Which means that when you take all energy, energy expended on heating and cooling costs as well as the embodied energy, into consideration for defining the energy efficiency of windows – historical wood windows are far more energy efficient than replacement windows
.

 

Maintenance Plans for Historic Home & Buildings

Recently we completed a maintenance appraisal for the Trinity Church Oxford in Philadelphia.  The church purchased the appraisal to evaluate several key areas they knew needed immediate attention and ended up with not only our recommendations for remediating the emergent needs on their buildings – but a five-year plan for fixing other maintenance needs that were threats looming on the horizon.  Below is the process of how that maintenance appraisal and long-term plan were developed.

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The church purchased our Tier 2 Maintenance Appraisal and scheduled an appointment for us to perform the appraisal.

Chuck and Lois spent a morning evaluating three separate buildings on the church property – the Gathering Hall, the Church, and the Rectory/Archive building.

During that appointment,  Chuck and Lois recorded a detailed assessment and made thorough documentation of the current condition of the roofing, windows and doors, foundation, exterior walls and woodwork, interior features, projections, etc.

historic preservation contractors, historic restoration contractors, historic preservation, historic restorations, maintenance of historic buildings, historic home maintenance

Back at the office, Chuck reviewed all of the maintenance needs he and Lois had documented to compile an itemized list of specific repair work that needed to be done on the building to make sure it wasn’t deteriorating any further.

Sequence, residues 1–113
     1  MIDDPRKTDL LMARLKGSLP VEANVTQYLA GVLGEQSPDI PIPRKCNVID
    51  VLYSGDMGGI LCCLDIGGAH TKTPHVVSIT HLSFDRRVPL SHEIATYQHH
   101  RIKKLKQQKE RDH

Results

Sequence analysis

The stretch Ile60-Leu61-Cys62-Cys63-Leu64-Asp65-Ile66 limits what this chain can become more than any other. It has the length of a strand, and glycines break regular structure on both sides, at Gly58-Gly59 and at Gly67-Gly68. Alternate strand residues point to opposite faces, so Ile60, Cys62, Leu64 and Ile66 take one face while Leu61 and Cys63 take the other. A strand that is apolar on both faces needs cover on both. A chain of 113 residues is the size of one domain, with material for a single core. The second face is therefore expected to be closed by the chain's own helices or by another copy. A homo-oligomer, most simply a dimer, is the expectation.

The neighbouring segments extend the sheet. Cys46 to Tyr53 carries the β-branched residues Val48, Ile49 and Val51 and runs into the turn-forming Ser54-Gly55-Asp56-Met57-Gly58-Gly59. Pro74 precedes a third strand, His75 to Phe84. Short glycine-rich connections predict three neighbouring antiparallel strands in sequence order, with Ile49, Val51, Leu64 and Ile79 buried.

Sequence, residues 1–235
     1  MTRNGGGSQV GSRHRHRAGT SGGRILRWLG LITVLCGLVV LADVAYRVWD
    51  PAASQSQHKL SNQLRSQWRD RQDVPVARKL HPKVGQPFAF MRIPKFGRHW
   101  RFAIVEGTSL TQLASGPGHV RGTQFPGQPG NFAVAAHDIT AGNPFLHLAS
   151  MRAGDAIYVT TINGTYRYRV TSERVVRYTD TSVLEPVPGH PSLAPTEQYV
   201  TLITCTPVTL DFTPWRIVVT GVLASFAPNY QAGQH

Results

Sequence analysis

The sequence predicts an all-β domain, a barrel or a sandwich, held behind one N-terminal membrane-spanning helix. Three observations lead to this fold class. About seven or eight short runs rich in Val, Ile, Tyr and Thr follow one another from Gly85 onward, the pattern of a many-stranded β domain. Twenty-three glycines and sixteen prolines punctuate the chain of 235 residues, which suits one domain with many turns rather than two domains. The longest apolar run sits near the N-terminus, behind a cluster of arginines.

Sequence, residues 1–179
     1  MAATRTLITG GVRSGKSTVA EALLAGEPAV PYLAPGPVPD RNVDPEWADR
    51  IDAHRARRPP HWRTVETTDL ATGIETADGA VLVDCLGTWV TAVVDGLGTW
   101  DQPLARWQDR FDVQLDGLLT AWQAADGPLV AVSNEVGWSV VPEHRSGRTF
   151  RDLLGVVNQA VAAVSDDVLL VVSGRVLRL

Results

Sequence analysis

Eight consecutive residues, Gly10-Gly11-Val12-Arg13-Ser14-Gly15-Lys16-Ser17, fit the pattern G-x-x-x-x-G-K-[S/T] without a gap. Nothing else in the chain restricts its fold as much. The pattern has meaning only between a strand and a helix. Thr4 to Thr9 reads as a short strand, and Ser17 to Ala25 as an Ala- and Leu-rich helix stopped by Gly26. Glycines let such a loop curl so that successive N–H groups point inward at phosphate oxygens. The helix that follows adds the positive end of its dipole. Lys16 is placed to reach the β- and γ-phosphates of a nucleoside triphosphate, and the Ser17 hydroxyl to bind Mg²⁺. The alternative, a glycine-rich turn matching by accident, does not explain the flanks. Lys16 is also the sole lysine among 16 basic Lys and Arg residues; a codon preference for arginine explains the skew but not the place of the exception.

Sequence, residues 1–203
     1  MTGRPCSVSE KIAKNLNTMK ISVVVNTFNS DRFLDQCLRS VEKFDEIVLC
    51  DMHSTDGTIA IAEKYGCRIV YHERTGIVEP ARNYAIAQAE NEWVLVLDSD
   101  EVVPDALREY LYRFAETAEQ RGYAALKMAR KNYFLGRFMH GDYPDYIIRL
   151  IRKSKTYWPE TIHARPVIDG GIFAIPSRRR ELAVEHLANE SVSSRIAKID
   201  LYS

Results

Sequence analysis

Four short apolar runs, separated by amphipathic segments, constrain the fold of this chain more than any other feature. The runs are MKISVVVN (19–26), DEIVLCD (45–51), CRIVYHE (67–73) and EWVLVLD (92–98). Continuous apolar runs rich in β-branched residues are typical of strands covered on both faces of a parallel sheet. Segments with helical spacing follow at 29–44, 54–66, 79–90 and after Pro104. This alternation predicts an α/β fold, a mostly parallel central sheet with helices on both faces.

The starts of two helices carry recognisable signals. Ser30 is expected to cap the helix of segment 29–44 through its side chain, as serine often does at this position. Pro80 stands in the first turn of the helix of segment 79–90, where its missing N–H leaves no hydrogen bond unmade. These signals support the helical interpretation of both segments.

Next he prioritized which needs were immediate (needing repair in the next 1-2 years), which needs were intermediate (needing repair in the next 3-5 years), and which needs were long-term (needing repair in 5+ years) for each of the areas they evaluate.

The 18-page report was then submitted to the Trinity Church Oxford.

After the Church reviewed our report and worked with Chuck to determine which maintenance needs they could address within their budget, they contracted with us to perform the work.

historic 2

Is your historical building deteriorating?  

Do you need a maintenance plan for your historic home?  

Find out in these four easy steps:

#1: Contact us to decide which maintenance plan tier is best for your building

#2: Purchase the maintenance appraisal

#3: Schedule the maintenance appraisal appointment

#4: Sit back and have a cup of tea while we work our magic and get you’re your report!

 

 

 

 

 

 

 

 

 

 

 

 

 

 

 

 

 

 

 

 

 

 

 

 

 

 

Every May, the National Trust for Historic Preservation picks a new theme for their National Preservation Month.  This year, they’ve built it around: “See! Save! Celebrate!” to encourage us to see our historic places, save the threatened ones, and celebrate the vital role they play in our communities.

To support that goal, we’re going to do a three-part blog series with each post focusing on one aspect of the theme.  Last week we posted about seeing PA historical architecturewith an overview of the styles found in Pennsylvania and the time period they are associated with, and we gave you resources for saving historic buildings in another blog post.

Now we want to celebrate projects that saved historic buildings in Pennsylvania for future generations and give you a list of ways you can support and encourage historic preservation projects.

First I’m going to begin by tooting our own horn a little bit.  In November of 2011, we began working on a project that looked like this:

historic restoration

 

The Franklin Street Train Station in Reading, PA was originally built in the 1920’s.  In 1972 when Hurricane Agnes destroyed the building, it was abandoned and sat empty until 2011 when the Berks Area Regional Transit Authority began the massive undertaking of restoring the building to its original glory so they could use it as a bus terminal for their public busing system.